It’s not too late to protect your young adult patients against HPV-related cancers.
The HPV vaccine is the best way to protect your patients against 6 types of cancer. The vaccine is recommended for all men and women through age 26 who didn’t complete the series when they were younger. But, only about 50% of young women and about 20% of young men have gotten the HPV vaccine. This means many of your young adult patients may be at risk for HPV-related cancers.
You can protect your young adult patients: Recommend the HPV vaccine every time they visit.
CDC’s Advisory Committee on Immunization Practices (ACIP) recommends HPV vaccination through age 26 for men and women who did not complete the HPV vaccine series when they were younger.
After age 26, some adults may benefit from vaccination. ACIP encourages shared clinical decision-making for HPV vaccination in adults 27 through 45. Read the full recommendation.
What You Can Do
Take these steps to increase young adult HPV vaccination rates in your practice.
Increase HPV vaccination rates in your practice with the evidence-based tips and resources found in our resource, HPV VAX NOW in Your Clinic: A Guide to Improving HPV Vaccination Rates Among Patients Ages 18–26.
Recommend the HPV vaccine to every patient through age 26
A strong provider recommendation for the HPV vaccine makes it 35 times more likely that a young adult will get the HPV vaccine. Talk about the HPV vaccine with all male and female patients through age 26. And talk about it at every clinical opportunity — including well, sick, or chronic care visits.
What to do during the appointment:
- Review your patients’ vaccination status at every healthcare encounter. If your patients do not know their vaccination status, guide them to resources to find their vaccination records.
- Give them the vaccine the same day you recommend it. Don’t wait for a follow-up visit.
How to make a strong recommendation:
- Recommend the HPV vaccine in the same way you recommend other routine vaccines for patients ages 18 through 26, like the flu vaccine.
- Use a statement that assumes your patient will get vaccinated, sometimes called a presumptive statement, to help motivate your patients to get vaccinated at the current visit instead of waiting for a follow-up visit. For example, you can say, “Today you are due for your first dose of the HPV vaccine. Do you have any questions?”
Encourage your patients not to delay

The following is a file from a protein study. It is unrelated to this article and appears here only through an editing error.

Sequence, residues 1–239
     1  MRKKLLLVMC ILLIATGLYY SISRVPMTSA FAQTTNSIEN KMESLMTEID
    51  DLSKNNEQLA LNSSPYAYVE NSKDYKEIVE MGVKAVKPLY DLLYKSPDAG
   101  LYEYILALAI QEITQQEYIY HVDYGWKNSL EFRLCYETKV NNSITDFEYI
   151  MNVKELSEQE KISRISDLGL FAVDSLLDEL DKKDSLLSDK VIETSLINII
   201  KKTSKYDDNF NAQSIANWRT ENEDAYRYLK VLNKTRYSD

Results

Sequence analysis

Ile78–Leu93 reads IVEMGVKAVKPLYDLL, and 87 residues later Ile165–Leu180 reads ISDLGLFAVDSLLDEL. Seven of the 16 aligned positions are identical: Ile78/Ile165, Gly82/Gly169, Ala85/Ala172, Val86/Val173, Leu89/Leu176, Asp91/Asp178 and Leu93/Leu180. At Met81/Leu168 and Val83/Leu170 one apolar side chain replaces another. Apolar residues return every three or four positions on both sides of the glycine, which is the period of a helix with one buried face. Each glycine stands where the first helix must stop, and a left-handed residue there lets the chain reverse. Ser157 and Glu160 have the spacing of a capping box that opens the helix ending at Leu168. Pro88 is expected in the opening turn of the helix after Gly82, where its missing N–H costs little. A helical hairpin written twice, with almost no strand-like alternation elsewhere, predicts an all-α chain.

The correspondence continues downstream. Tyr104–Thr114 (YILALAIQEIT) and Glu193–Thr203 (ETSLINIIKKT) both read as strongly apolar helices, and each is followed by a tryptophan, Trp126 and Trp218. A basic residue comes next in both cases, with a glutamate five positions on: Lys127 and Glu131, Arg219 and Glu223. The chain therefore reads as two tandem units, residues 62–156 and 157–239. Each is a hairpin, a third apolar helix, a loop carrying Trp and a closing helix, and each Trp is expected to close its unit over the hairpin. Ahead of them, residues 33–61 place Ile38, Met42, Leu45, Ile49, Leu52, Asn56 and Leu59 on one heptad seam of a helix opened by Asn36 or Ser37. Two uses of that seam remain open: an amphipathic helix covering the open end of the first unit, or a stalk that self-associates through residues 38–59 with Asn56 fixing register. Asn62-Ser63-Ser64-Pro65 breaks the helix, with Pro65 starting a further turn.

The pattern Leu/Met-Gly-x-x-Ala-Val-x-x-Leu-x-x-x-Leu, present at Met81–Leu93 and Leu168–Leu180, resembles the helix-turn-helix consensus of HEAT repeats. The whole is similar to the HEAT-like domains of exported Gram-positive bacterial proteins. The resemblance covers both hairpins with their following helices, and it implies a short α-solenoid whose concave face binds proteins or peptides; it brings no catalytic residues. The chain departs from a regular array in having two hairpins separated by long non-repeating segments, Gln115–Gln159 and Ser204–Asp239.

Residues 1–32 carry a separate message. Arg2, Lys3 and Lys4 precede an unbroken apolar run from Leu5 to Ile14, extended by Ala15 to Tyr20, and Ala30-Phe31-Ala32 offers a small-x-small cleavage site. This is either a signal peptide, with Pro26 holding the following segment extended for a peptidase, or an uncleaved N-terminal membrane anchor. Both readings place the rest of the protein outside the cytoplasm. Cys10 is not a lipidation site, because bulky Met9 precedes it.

Some patients may want to delay getting the vaccine. Tell them why it’s better — both for their health and financially — to get the HPV vaccine now. They will listen to you.
Explain the health benefits:
- HPV is common, and some strains of HPV can cause cancer. The HPV vaccine can prevent 6 types of cancer caused by HPV, including cervical cancer, throat cancer, penile cancer, vaginal cancer, anal cancer, and vulvar cancer. The HPV vaccine could prevent 90% of these cancers from ever developing.
- The HPV vaccine can also prevent genital warts.
- The sooner young adults get the HPV vaccine, the better protected they are against HPV-related cancers.
Explain the financial benefits:
- HPV-related cancers are expensive and difficult to treat. The HPV vaccine is inexpensive and easy to get.
- The HPV vaccine is free for most young adults who have health insurance. After age 26, the vaccine can cost hundreds of dollars.
- Cost-saving options are available to those who don’t have health insurance.
Resources for Your Practice
Everyone in your practice plays an important role in protecting patients against HPV-related cancers with the HPV vaccine. HPV VAX NOW in Your Clinic: A Guide to Improving HPV Vaccination Rates Among Patients Ages 18–26 has tools to help you raise HPV vaccination rates in your practice.
The package includes:
- Responses to frequently asked questions from young adults about HPV vaccination
- Guidance on how to make an effective recommendation for the HPV vaccine
- Actionable steps and resources that practices can use to improve HPV vaccination rates among young adult patients